5. Pangram Sans

In the words of Ogre Studio, “Matt and the Pangram Pangram crew are generating some incredibly usable type with a terrific blend of inventiveness and individuality.” Pangram Sans is a robust geometric workhorse that manages to be both aggressive and subtle at the same time. From Reclined to Italic, Mat Desjardins and Valerio Monopoli have added a completely changeable slanting to their free-to-try geometric sans. The Cyrillic Alphabet is also supported.

6. Rapor

For the design of Rapor, the equal-width scheme was used in conjunction with Futura and other geometric sans serifs. In addition to its softened, equally converging diagonal corners, it has a unique look. With 10 weights ranging from Thin to Black and twenty styles with corresponding italics, Ouzhan Cengiz designed this typeface.

7. CoFo Sans

For CoFo Sans to work, it must be in perfect harmony with both the logic of the written word as well as the feelings it evokes. Simply said, it strikes the ideal harmony between minimalism and individuality. It was designed by Maria Doreuli and comes in four weights, making it ideal for anybody who wants clarity and versatility without compromising character.

8. Alfreda

A grotesque typeface is not Alfreda. To achieve its humanistic and nuanced ink traps, the artist used modulated and unmodulated brushstrokes, as well as natural and reverse contrasts. Santi Rey’s Alfreda is available in six different weights. Open type features, more than 400 glyphs, and 18 style sets are included in this application.

10. Boke!

Modernist posters from the mid-20th century were a major influence on Christian Schwartz’s inspiration for Graphik. There are a variety of uses for this typeface, including in editorial design, corporate branding, video and television production, websites, applications, and user interfaces.

10. Boke!

Possibly the first true limited-edition font, Boke! was created by Skep studio and will only be available to 50 designers or studios. The font was inspired by a dusty box of old classic woodblock type that was sitting about in the studio.. Once the limited supply of USB sticks has been depleted, the product will no longer be available.

Serif fonts

11. Cotford

Tom Foley, a Monotype employee, worked on Cotford during lockdown. When he originally got the concept in 2014, his goal was to create a modern serif font that was both soulful and beautiful, with all the adaptability that today’s designers want. Because of the sudden stipulations of March 2020, he was able to put his concept into action in an unexpected way.

Drawing inspiration from wide nib calligraphy and lettering drawings, the design began to take form. This design has to maintain the warmth of its original drawings while being crafted into a distinct font. The final typeface represents quality, consistency, and efficient performance over a wide range of forms, including those that are changeable in nature.

12. Lovechild

Lovechild, a display font by Simon Walker, is a Jugendstil-inspired typeface. 485 total glyphs, including a large selection of foreign characters, make it compatible with dozens of different foreign languages.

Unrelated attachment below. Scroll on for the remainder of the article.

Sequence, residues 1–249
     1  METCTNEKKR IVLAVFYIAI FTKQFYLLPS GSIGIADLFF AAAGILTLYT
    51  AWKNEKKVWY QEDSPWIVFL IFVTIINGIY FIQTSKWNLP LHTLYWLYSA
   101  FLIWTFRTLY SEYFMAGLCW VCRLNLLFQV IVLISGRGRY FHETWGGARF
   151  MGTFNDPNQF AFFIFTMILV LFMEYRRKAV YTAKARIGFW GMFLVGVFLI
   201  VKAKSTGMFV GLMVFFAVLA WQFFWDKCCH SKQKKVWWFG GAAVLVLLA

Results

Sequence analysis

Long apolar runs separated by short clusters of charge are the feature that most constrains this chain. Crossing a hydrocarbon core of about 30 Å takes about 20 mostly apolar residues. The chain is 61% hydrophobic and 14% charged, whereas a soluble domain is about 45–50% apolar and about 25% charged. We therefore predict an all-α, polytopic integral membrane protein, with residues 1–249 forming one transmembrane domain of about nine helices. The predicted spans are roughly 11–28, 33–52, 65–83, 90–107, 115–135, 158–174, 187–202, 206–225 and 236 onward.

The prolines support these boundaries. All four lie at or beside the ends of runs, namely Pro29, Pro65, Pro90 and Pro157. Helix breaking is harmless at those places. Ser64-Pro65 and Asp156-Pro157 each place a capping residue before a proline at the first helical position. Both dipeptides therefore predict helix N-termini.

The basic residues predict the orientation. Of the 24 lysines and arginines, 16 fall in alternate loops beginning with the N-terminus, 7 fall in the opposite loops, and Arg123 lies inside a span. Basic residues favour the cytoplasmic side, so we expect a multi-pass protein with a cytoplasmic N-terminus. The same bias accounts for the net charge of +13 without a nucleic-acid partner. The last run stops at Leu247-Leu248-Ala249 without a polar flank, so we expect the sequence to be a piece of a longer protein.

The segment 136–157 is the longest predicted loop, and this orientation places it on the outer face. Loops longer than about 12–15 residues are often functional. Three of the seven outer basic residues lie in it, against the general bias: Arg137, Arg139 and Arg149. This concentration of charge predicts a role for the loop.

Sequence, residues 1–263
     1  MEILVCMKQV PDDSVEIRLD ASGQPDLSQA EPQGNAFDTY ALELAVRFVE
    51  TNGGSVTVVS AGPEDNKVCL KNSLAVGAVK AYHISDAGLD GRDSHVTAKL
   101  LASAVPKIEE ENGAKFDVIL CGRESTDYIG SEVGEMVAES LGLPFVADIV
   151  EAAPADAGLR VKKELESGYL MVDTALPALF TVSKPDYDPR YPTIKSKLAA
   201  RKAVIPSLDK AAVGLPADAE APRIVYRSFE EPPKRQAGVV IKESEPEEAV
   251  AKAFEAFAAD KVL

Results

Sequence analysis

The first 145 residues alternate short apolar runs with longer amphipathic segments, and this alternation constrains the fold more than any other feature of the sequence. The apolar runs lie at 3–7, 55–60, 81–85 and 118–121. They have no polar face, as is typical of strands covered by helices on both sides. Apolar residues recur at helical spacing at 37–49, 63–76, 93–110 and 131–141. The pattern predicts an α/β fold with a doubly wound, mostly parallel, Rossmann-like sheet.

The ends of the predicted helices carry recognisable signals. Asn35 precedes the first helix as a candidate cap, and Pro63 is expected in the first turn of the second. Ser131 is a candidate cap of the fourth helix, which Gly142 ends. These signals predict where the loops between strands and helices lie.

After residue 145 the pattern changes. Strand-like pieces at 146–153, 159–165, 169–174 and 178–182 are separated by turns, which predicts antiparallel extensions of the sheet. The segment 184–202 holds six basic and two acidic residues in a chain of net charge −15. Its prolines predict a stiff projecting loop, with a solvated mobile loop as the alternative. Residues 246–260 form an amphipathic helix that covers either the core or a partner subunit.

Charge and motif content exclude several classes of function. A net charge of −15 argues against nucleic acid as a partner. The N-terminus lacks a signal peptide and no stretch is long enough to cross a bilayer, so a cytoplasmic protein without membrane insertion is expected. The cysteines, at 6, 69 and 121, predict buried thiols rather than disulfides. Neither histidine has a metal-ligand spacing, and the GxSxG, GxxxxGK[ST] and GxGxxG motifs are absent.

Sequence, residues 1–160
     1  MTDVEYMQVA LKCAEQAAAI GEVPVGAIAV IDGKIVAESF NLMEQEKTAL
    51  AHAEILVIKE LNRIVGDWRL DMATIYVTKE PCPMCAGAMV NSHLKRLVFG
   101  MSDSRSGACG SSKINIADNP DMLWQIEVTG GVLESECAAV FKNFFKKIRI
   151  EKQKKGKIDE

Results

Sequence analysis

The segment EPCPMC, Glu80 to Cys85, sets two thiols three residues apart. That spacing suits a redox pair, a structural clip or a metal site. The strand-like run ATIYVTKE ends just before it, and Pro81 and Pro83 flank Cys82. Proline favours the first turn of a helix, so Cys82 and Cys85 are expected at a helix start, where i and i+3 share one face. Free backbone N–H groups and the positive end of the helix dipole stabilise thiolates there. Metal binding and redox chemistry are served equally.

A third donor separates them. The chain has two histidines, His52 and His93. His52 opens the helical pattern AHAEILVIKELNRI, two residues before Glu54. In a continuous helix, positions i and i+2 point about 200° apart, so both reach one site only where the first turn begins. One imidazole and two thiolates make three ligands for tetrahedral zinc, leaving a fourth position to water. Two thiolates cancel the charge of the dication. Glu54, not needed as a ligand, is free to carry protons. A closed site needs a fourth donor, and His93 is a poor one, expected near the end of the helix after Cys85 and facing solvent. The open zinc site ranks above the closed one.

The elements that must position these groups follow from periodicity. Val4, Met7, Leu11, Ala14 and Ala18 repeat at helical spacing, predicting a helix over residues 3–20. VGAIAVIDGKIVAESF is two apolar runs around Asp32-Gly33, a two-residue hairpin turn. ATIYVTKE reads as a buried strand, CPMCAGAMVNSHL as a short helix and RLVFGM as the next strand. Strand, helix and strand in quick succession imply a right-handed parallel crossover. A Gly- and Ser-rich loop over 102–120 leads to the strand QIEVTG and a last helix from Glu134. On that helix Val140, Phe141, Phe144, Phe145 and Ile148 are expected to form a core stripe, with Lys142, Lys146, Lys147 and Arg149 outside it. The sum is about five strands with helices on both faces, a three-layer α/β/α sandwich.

13. New Paris

NewParis, a design inspired by French typefaces from the 18th and 19th centuries, with thick and thin strokes that contrast sharply. However, this is not a straight resurrection of the genre, but rather a contemporary interpretation of it, geared to satisfy the needs of the modern world. Text, Headline, and KingSize fonts are all part of Ian Party’s NewParis family of typefaces, which incorporates sturdier hairlines and smaller sizes (for text sizes above 36pt).

14. FS Ostro

Monotype’s FS Ostro font exudes a refined and well-balanced elegance. It takes its cues from colder, starker Modern fonts and warms them up with a southerly breeze that sweeps across the Mediterranean Sea.

15. Larken

Designed by Ellen Luff, Larken has a natural softness and expressiveness that reflects nature. With its organic curves and subtle repetition, the family creates type that is both strong and harmonious. Additional symbols, stylistic alternatives, distinctive ligatures, and case-sensitive punctuation are also included in the character set.

16. Gazpacho

The serif types used in editorial media in the 1970s and 1980s inspired Santi Rey to design Gazpacho. It’s perfect for logos because of the morphology of the letterforms, while its high x-height makes it good for headlines with narrow leading. Because of its great contrast and easily recognisable forms, it is especially well-suited to short and lengthy texts.

17. Diastema

As a contemporary ligature serif font, Diastema has its own distinct look because to the connecting ligatures it uses. Issam Boufelja designed it, and it’s a wonderful option for branding, logos, invites, and watermarks. It has upper- and lowercase letters, numerals, punctuation, ligatures, and alternates, as well as standard, italic, bold, and bold italic font styles. It also supports several languages.

18. Roman Grotesque

“Putting the human person at the core of building” was the driving principle behind the visual identity of the National School of Architecture Paris-Belleville. It’s a fascinating typeface that can be utilised at both the micro and macro levels, combining the structure of sans serifs with the calligraphic tradition of serifs. There are eight different weights and italics to choose from.

19. FS Renaissance

There is an unavoidable yearning for more human typefaces because of the current loss of human connection and lack of touch,” explains Space Doctors associate director Julius Colwyn. Each letter is produced by the artist Craig Black and Pedro Arilla in conjunction with Monotype, then assembled into a single font. Julius shows us the following: “The serifs in the stencil-style writing provide a feeling of movement that connects the letters together via movement. That it’s both utilitarian and crafted by hand gives it an airy, expressive quality.”

Slab Serif fonts